“I am honored to cast my vote today in support of the tens of thousands of working people in Seattle who are about to get a much needed raise,” said Councilmember Mike O’Brien. “Almost a year ago to the day, I escorted fast food workers back to their jobs to ensure they would not face retaliation for striking for better pay, and thanks to the movement they started we are making history today.”

“This legislation sends a message heard around the world: Seattle wants to stop the race to the bottom in wages and that we deplore the growth in income inequality and the widening gap between the rich and the poor,” said Councilmember Tom Rasmussen.

“This is a victory for our movement – it shows the power of working people when we organize and fight for our rights,” said Councilmember Kshama Sawant. “It will inspire millions of people all over the nation to build on this historic step forward. Fifteen in Seattle is just the beginning.”

The legislation will take effect thirty days after Mayor Ed Murray signs the legislation into law. Seattle has a population of approximately 634,535 in 2012, according to the United States Census and is approximately 84 square miles in land area.

[View in Council Newsroom]

Councilmembers Rasmussen, O’Brien, Bagshaw Pledge to Give Seattle Voters Chance to Save Transit Service


FOR IMMEDIATE RELEASE: 5/9/2014

Councilmember Sally Bagshaw
Councilmember Mike O’Brien
Councilmember Tom Rasmussen

Councilmembers Rasmussen, O’Brien, Bagshaw Pledge to Give Seattle Voters Chance to Save Transit Service

SeattleCouncilmembers Tom Rasmussen, Mike O’Brien and Sally Bagshaw issued the following statement today:

"Metro bus service is critical to the people of Seattle. It is necessary for those who cannot afford cars and depend on buses to get around. It is essential for our environment that people have multiple options for mobility and it is essential to reducing traffic congestion as well. Too many buses in the city are at capacity, and with ridership at an all-time high we simply cannot afford to lose bus service.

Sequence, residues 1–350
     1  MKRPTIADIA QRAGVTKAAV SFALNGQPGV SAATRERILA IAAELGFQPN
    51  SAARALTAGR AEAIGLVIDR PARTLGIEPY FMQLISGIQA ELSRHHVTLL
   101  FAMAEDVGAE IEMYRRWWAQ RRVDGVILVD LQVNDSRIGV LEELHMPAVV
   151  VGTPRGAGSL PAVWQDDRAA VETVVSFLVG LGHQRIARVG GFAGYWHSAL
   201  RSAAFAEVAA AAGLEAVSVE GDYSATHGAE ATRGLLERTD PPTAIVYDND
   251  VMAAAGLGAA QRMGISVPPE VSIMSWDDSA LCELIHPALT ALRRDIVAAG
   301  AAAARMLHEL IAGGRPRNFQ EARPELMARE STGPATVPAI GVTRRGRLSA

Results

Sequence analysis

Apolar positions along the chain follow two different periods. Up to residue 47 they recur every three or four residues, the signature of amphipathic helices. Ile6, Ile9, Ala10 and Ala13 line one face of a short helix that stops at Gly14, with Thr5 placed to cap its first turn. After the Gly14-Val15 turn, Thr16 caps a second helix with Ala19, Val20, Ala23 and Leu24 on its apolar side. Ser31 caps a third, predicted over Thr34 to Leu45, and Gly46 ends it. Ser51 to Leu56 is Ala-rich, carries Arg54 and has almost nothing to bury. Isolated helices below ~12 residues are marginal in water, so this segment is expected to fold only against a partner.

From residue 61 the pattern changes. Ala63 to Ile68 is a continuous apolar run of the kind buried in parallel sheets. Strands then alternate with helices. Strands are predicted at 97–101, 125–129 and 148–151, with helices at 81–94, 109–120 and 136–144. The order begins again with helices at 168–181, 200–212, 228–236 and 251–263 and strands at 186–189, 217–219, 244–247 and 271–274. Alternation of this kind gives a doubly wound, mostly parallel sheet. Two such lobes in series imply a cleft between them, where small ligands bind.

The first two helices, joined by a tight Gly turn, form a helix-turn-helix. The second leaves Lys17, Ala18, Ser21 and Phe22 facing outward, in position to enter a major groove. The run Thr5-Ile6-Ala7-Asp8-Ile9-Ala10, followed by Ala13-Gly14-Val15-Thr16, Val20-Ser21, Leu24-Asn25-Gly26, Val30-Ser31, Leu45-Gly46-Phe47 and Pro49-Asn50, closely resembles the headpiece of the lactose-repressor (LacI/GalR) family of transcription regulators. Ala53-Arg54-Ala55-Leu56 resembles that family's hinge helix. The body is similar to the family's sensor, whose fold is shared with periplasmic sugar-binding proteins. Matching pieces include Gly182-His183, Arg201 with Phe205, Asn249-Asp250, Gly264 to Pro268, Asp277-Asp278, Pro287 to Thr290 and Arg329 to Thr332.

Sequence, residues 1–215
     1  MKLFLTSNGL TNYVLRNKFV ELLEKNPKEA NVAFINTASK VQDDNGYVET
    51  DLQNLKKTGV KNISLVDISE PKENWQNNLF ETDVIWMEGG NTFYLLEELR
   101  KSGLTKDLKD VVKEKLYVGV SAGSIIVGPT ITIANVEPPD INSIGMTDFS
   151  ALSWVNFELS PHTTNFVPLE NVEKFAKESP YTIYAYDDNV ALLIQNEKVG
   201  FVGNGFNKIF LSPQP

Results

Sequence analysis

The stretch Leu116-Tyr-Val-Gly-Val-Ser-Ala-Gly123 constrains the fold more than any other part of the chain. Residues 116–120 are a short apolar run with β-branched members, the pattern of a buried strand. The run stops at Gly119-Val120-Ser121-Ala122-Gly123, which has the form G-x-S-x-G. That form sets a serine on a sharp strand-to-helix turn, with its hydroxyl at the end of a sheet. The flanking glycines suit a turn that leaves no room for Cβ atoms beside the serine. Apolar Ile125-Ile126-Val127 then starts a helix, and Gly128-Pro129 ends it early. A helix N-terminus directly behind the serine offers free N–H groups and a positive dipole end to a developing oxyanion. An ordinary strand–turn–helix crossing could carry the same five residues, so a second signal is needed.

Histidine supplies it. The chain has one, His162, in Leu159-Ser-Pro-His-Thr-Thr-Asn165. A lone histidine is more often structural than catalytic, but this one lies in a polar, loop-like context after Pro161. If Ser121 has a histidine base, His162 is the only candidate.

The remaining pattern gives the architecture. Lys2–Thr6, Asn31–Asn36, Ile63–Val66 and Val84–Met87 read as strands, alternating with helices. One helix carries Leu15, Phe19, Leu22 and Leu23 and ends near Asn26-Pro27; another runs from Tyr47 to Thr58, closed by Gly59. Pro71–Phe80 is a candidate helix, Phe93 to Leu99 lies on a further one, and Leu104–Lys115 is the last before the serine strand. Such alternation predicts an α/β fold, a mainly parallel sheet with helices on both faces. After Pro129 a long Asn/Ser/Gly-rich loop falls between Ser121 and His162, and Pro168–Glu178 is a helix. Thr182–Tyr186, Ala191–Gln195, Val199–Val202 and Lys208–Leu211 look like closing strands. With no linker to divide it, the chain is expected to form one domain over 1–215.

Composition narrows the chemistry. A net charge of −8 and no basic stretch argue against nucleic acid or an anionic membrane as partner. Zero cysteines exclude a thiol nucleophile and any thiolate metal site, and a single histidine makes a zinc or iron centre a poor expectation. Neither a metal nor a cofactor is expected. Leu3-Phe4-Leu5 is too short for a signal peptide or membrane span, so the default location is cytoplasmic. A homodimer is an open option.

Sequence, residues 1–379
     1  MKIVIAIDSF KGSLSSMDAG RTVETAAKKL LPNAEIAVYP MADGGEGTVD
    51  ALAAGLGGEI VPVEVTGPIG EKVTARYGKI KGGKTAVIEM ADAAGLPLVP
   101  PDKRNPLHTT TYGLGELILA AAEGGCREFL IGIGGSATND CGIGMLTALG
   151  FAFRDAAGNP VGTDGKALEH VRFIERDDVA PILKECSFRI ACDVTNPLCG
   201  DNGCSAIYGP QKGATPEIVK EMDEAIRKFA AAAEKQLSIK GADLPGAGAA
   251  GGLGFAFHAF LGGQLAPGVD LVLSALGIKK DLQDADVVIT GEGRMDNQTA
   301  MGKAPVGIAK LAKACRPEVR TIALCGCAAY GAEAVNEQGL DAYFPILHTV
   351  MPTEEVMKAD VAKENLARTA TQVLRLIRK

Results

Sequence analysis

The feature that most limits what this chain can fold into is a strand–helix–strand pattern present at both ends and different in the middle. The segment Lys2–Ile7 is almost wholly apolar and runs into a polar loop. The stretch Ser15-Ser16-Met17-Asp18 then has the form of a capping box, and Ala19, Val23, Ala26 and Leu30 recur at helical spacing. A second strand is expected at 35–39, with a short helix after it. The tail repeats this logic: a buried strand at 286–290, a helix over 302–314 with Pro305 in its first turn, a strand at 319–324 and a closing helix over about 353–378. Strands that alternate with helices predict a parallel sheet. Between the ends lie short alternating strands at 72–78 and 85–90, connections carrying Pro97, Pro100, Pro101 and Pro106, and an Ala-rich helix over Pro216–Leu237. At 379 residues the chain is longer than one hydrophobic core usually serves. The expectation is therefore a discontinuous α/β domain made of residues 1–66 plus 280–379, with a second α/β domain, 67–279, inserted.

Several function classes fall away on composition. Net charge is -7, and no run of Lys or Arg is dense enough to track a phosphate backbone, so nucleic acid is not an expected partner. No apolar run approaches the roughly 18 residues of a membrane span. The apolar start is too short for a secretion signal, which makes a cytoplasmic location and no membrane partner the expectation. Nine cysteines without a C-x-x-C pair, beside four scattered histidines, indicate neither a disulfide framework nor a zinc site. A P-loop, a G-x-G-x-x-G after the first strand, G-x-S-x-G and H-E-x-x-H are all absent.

"Seattle voters deserve a chance to preserve bus service in the city and we are committed to giving them that opportunity in November. We are exploring every option available to keep the busses running in Seattle in cooperation with our colleagues on the City Council and Mayor Ed Murray. We are also committed to working with King County Metro and cities in our region to ensure that we preserve and build a strong regional transit system.

"We commend Mayor Murray for his leadership in developing a proposal, which will be released next week. We also commend Keep Seattle Moving for keeping public momentum going to ensure we do not lose the bus service we so critically need in Seattle.

"On Monday, May 19 we will have a briefing in City Council Chambers at 9:30 a.m. to learn more about the impacts of the potential loss of bus service in the City and to learn more about the Mayor’s proposal. We will convene additional City Council meetings as needed throughout the summer to develop a proposal to send to the voters for the November ballot."

Editor’s note: The City’s deadline for submitting a ballot measure to King County Elections for the November election is August 5, 2014.

[View in Council Newsroom]

Oh, the Places You’ll Go with Seattle Parks and Greenways!

You know all this from my previous blog entries (Part I, Part II, and Part III): Our city proudly counts 465 parks spanning 6,200 acres of beaches, forests, fields, playgrounds, ball courts, community centers, and rain-kissed open space. We rely on these parks for respite from city life, room to stretch our legs, space to spread a picnic blanket, and a place to gather with friends and family.  Unfortunately, we cannot maintain these well-loved parks and community centers through current funding sources and now face a $267 million major maintenance backlog.

Smith Cove Park